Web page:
Aileen Burford-Mason PhD is an immunologist, cell biologist, former cancer researcher, and author of many research papers published in prestigious national and international scientific journals. She has a busy private nutritional practice in downtown Toronto. She currently teaches a popular course for doctors at the University of Toronto in the use of diet and supplements for disease prevention.
Eat Well, Age Better
Eat Well, Age Better shows how you can recognize your nutritional shortfalls â€“ deficits that will increase your risk of the degenerative diseases of age, including diabetes, osteoporosis, dementia, macular degeneration, heart disease, and stroke.
Backed by the latest research, Eat Well, Age Better describes in straightforward language how to be your own nutritionist. By taking control of your diet now, and understanding how to optimize it with selected vitamins and other supplements, you can increase energy, strengthen your immune system, maintain a healthy brain, and embark upon your retirement years with vigour and vitality.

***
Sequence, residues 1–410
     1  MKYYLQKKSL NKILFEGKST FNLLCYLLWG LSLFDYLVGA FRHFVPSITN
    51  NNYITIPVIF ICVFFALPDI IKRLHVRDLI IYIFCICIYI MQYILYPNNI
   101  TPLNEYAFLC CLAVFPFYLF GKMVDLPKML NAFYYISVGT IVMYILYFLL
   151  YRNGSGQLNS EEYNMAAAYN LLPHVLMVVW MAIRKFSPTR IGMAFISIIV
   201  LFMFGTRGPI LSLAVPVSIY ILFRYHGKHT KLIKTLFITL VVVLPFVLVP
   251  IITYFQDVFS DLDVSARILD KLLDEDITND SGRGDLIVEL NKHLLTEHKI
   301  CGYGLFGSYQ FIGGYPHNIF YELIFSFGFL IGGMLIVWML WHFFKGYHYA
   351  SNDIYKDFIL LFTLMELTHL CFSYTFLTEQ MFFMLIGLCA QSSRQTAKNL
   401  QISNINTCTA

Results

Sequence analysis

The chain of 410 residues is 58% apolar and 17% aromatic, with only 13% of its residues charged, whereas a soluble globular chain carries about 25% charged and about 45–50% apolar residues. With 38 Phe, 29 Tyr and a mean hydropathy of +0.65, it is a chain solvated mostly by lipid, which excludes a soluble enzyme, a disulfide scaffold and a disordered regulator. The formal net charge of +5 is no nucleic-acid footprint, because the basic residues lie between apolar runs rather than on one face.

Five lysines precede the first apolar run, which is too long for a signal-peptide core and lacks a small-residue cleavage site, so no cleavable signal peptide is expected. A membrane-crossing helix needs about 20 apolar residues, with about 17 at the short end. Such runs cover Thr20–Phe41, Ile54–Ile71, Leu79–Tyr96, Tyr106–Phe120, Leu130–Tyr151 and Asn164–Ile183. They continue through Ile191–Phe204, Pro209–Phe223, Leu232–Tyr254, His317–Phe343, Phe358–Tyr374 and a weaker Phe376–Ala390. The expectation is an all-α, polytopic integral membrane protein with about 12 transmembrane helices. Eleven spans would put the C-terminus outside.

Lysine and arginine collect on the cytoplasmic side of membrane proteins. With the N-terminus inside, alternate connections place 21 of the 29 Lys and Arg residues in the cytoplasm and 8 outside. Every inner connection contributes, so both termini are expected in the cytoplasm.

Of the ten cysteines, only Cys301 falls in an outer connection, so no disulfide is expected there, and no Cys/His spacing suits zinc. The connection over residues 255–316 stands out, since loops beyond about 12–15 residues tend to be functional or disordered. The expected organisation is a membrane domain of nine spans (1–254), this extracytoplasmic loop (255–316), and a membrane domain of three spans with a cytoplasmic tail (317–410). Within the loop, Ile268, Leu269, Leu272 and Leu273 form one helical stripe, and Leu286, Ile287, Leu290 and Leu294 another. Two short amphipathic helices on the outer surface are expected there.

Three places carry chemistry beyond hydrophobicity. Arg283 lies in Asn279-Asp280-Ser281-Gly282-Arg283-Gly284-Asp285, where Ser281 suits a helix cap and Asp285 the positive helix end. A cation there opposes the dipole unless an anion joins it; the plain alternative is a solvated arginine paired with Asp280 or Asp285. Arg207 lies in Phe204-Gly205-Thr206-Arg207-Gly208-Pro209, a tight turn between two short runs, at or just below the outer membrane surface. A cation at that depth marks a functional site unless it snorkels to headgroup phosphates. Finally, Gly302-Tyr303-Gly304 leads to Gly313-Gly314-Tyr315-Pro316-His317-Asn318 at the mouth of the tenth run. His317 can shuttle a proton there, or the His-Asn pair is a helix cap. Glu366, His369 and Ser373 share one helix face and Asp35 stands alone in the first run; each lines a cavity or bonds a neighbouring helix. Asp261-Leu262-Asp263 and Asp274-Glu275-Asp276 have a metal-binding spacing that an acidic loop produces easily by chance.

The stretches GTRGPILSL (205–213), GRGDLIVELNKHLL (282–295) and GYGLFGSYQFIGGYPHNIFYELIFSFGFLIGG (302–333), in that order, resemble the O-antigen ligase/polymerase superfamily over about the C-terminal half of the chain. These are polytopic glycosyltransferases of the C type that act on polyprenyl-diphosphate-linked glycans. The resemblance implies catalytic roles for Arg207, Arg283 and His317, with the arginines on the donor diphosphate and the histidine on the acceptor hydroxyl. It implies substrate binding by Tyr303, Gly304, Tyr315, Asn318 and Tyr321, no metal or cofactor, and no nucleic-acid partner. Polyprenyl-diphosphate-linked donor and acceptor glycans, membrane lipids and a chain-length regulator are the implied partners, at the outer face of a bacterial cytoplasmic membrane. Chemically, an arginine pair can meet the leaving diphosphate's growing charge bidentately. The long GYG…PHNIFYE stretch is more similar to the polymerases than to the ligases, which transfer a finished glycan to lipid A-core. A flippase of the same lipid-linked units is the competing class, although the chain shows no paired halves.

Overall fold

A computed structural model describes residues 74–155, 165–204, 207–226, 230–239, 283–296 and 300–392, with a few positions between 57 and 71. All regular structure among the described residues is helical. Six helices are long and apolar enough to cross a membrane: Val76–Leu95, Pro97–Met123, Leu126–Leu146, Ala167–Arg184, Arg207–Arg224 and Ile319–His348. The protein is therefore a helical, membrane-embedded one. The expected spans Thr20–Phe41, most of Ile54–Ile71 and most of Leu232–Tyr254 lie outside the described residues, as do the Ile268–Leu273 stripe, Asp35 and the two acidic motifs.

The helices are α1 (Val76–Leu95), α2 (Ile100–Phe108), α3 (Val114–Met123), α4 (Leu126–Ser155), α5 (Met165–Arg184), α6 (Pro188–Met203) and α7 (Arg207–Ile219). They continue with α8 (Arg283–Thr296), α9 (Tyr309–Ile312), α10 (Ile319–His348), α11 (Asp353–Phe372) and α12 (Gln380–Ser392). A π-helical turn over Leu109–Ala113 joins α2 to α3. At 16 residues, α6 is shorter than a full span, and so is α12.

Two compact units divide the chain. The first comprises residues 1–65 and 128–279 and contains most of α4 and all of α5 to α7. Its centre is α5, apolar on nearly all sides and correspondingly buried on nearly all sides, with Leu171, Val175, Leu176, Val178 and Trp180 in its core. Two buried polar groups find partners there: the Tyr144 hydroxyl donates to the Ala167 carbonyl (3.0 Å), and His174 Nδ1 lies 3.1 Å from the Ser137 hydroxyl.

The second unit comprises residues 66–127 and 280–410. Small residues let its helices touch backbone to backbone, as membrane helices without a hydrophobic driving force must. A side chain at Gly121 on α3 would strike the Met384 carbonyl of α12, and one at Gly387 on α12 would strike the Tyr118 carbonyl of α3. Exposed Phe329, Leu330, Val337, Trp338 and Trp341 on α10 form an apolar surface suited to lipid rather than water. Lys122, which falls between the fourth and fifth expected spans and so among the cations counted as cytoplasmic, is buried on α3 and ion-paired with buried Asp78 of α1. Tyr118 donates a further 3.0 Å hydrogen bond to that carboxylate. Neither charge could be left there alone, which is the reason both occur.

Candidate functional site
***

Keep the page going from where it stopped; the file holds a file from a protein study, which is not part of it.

In an overfed but undernourished society, this book is a powerful and much-needed reminder that we are, indeed, what we eat. Offering advice informed by science and Aileen Burford-Mason's professional experience, Eat Well, Age BetterÂ shows how nutrition is an essential foundation of our physical and mental well-being.
[a] small but information packed and extremely useful book...
a wealth of practical information...
In Eat Well, Age Better Burford-Mason pulls together, or rather, 'distills,' many years of personal practice and research into an easy-to-understand guidebook for those curious about where they rank on the spectrum between life expectancy and healthy life expectancy.
Judy Stoffman has been a writer and editor on numerous publications, including the Toronto Star, Globe and Mail, and Canadian Living magazine, and has worked for the CBC News, Ideas and As It Happens on CBC radio. Her essay about aging The Way of All Flesh is included in two high school English textbooks used in Ontario.